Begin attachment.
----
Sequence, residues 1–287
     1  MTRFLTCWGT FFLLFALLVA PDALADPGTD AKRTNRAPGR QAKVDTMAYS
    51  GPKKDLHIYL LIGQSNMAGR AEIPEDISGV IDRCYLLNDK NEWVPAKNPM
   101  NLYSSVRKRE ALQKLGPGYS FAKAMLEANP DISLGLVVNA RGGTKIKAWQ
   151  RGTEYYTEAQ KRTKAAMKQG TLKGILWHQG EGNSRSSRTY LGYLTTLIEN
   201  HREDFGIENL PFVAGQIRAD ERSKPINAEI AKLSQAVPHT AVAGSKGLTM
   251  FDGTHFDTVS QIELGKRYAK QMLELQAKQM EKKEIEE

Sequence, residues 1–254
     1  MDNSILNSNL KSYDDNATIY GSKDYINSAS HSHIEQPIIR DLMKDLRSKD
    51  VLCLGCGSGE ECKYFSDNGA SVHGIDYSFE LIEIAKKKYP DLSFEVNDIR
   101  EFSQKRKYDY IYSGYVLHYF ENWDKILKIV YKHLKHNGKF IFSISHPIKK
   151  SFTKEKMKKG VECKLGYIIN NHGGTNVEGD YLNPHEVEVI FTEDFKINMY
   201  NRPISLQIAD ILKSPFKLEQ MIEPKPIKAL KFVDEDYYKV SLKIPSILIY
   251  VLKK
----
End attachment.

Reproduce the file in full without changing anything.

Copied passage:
Sequence, residues 1–287
     1  MTRFLTCWGT FFLLFALLVA PDALADPGTD AKRTNRAPGR QAKVDTMAYS
    51  GPKKDLHIYL LIGQSNMAGR AEIPEDISGV IDRCYLLNDK NEWVPAKNPM
   101  NLYSSVRKRE ALQKLGPGYS FAKAMLEANP DISLGLVVNA RGGTKIKAWQ
   151  RGTEYYTEAQ KRTKAAMKQG TLKGILWHQG EGNSRSSRTY LGYLTTLIEN
   201  HREDFGIENL PFVAGQIRAD ERSKPINAEI AKLSQAVPHT AVAGSKGLTM
   251  FDGTHFDTVS QIELGKRYAK QMLELQAKQM EKKEIEE

Sequence, residues 1–254
     1  MDNSILNSNL KSYDDNATIY GSKDYINSAS HSHIEQPIIR DLMKDLRSKD
    51  VLCLGCGSGE ECKYFSDNGA SVHGIDYSFE LIEIAKKKYP DLSFEVNDIR
   101  EFSQKRKYDY IYSGYVLHYF ENWDKILKIV YKHLKHNGKF IFSISHPIKK
   151  SFTKEKMKKG VECKLGYIIN NHGGTNVEGD YLNPHEVEVI FTEDFKINMY
   201  NRPISLQIAD ILKSPFKLEQ MIEPKPIKAL KFVDEDYYKV SLKIPSILIY
   251  VLKK